The University of Winnipeg



Canada Research Chair’s book shortlisted for Indigenous Literature Award

Dr. Mary Jane Logan McCallum has published a new book – Nii Ndahlohke: Boys’ and Girls’ Work at Mount Elgin Industrial School, 1890-1915 – looking at student labour at Mount Elgin Indian Residential School.

A recent work by Dr. Mary Jane Logan McCallum, UWinnipeg’s Canada Research Chair in Indigenous People, History, and Archives and a Professor in the Department of History, has been shortlisted for an Indigenous Literature Award.

The First Nations Communities READ program announced Monday that Dr. McCallum’s book, Nii Ndahlohke: Boys’ and Girls’ Work at Mount Elgin Industrial School, has been listed as one of five finalists for the prize in the young adult/adult category. It was selected for the shortlist by a jury of Indigenous librarians across Ontario.

“I am very proud to be shortlisted for a First Nations Communities READ Award,” Dr. McCallum said. “This group has been identifying and promoting Indigenous literature for twenty years and this year’s longlist of 42 beautiful and beautifully written books represents the best of Indigenous stories and histories today.”

Published in September 2022, Nii Ndahlohke: Boys’ and Girls’ Work at Mount Elgin Industrial School explores the history of student labour at Mount Elgin Indian Residential School. Divided into two sections, the book begins with a focus on the work done by boys, such as maintenance and farm labour, continuing to examine the girls’ work, including cooking, cleaning, and laundry work.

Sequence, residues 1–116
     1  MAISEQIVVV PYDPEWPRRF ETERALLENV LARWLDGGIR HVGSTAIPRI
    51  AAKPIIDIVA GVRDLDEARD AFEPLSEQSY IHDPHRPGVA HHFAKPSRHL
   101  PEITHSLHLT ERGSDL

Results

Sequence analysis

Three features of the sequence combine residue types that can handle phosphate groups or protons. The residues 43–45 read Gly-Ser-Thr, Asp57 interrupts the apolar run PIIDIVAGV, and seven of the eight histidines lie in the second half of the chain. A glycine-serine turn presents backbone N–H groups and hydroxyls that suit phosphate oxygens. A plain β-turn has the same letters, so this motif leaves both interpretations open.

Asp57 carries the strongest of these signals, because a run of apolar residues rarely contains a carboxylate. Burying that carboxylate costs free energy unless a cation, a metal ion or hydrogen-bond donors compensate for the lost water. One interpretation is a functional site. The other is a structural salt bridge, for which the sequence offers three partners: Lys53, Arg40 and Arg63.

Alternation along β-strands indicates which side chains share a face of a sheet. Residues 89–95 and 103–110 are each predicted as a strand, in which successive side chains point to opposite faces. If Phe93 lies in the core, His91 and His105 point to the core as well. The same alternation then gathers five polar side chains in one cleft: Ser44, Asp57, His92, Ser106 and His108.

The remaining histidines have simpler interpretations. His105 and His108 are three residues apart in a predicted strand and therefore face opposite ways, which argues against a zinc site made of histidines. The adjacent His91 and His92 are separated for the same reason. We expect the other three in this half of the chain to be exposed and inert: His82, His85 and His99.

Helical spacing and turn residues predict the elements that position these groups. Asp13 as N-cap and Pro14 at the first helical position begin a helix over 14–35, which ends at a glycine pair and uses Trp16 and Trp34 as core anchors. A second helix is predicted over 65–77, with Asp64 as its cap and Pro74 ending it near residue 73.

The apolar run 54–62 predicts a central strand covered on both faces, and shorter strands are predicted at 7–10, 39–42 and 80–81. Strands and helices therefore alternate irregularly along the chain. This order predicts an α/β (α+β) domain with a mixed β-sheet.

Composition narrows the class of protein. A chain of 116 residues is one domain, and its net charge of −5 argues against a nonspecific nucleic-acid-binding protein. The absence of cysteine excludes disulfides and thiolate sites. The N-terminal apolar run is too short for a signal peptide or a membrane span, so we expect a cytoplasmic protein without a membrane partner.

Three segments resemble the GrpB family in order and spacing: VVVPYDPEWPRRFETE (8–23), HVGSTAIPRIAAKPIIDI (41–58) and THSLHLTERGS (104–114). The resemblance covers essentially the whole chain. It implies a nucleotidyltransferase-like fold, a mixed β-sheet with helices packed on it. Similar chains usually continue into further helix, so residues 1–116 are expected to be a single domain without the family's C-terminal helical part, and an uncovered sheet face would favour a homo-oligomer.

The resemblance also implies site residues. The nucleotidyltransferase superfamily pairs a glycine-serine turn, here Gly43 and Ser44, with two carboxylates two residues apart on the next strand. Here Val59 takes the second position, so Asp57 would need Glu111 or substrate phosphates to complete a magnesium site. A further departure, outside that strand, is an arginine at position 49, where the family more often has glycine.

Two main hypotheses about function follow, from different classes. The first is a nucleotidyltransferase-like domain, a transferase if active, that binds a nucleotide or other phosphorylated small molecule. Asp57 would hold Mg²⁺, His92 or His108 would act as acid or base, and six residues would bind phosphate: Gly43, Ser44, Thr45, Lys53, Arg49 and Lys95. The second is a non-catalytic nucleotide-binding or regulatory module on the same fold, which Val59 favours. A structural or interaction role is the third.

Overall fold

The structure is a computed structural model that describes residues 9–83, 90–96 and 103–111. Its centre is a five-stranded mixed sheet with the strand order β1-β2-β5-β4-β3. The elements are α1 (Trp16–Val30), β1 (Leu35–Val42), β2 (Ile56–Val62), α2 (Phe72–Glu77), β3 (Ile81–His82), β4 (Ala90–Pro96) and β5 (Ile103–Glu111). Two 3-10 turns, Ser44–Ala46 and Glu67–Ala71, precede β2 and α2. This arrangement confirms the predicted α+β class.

Nii Ndahlohke was inspired by a challenge to commemorate the Mount Elgin Industrial school that was undertaken by the Munsee Delaware Language and History Group,” she said. “We wanted to write a book that addressed gendered and forced labour, student resistance, and how student work at the school played into the expanding local settler area agricultural economies. It also had a significant role in ill health at the school and student deaths. We wanted this story to be learned as part of Ontario Canadian history curriculum.”

Dr. McCallum said the theme of student labour featured prominently in the history of Mount Elgin and the book serves as a way to educate young people about this history. The book includes words and phrases related to the work the boys and girls did at the school, and an audiobook version of the story allows readers to hear these words and phrases spoken aloud.

The book also features contemporary art created by Munsee artists, which Dr. McCallum and Julie Tucker, who wrote the afterword for Nii Ndahlohke, have turned into an exhibition. The show, titled Nii Ndahlohke / I Work, will open on Tuesday, September 26, at Art Windsor Essex in Windsor, Ontario.

Winners and an award presentation for First Nations Communities READ 2023-24 will take place during First Nations Public Library Week, which begins October 2, and the prize-winning authors will receive a $5,000 prize. Launched in 2003, First Nations Communities READ encourages family literacy, intergenerational storytelling, and intergenerational knowledge transmission while increasing awareness of the importance of First Nation, Metis and Inuit writing, illustration and publishing.

Those interested in purchasing Nii Ndahlohke: Boys’ and Girls’ Work at Mount Elgin Industrial School, 1890-1915 can do so at FriesenPress Publishing and other online booksellers. All proceeds from the sale of the book go to support Indigenous language and history learning.

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